The rest of this paper is organized as follows. Our primary objective is to identify and analyze the dominant physical process rather than to reproduce the SED evolution with the detailed construction of a new set of disk structure models. In Section 2, we briefly describe the static disk structure, mainly based on a model of Dullemond et al. (2001). We analyze X-ray ionization and grain charge loading process in the inner frontier of the disk in Section 3, and calculate the grain dynamics in Section 4. In Section 5, we formulate the spectrum variation, and discuss the response-time to verify the viability of our analysis. In Section 6, we present the main features of our model through a numerical example, with comparisons with observations. Finally, in section 7, we conclude the paper and discuss different scopes in parameter space to further explore implications of our model.
2 Disk Model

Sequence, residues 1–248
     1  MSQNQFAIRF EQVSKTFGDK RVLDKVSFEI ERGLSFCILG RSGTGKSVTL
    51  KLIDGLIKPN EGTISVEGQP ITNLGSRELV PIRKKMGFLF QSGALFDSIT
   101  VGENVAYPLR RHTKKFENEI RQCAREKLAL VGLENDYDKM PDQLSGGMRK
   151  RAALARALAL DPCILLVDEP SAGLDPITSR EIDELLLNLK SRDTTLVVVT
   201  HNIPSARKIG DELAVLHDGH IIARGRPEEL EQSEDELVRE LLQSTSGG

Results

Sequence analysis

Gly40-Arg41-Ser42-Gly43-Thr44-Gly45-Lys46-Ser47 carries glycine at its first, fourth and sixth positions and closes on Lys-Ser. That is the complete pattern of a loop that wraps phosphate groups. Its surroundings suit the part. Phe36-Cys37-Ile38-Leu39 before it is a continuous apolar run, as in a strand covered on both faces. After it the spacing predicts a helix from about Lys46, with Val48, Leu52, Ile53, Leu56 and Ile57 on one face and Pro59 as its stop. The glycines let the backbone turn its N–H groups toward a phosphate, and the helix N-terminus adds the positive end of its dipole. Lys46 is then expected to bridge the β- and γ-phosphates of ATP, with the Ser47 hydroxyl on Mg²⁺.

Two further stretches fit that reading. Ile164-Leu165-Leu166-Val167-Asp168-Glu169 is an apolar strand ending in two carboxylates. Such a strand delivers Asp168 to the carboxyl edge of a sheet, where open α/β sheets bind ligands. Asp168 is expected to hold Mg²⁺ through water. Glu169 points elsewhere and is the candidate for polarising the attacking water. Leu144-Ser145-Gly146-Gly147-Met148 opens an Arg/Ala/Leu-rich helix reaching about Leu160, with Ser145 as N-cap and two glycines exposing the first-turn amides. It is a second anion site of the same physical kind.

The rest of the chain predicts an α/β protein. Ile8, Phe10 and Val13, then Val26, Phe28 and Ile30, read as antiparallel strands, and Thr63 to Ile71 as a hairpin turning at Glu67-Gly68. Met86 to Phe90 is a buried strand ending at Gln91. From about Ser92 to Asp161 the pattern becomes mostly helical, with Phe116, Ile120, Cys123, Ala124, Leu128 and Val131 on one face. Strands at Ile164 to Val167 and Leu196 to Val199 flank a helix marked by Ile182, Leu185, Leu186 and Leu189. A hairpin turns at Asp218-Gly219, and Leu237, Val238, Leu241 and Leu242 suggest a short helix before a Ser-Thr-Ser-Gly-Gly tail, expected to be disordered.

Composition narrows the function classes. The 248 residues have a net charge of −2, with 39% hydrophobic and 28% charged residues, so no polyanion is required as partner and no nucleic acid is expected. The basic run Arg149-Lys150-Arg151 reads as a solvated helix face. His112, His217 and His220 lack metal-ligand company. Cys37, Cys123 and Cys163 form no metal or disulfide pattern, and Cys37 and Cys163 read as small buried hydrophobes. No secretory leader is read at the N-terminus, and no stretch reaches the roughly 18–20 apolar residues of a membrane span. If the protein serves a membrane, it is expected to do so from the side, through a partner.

In their seminal paper, Chiang and Goldreich (1997) proposed a hydrostatic radiative equilibrium model for passive disks surrounding T Tauri stars. The most notable idea they developed is a ”sandwich” model for the vertical structure of the disk, which consists of an interior layer amidst two surface layers. The optically thin surface layer is directly heated by the stellar irradiation, and the interior region is heated by the re-irradiation from the surface layer. The direct implication of this model is the flaring configuration of the disk. Dullemond et al. (2001) modified this model by adding an inner hole due to the evaporation of carbon or silicon dusts in the disk. In their model, the inner rim of the disk is puffed-up, because of direct exposition to the stellar flux. As a consequence, there is region right beyond the inner rim which is in the shadow. Garaud and Lin (2006) further extended the disk structure by considering the both internal dissipation and surface irradiation.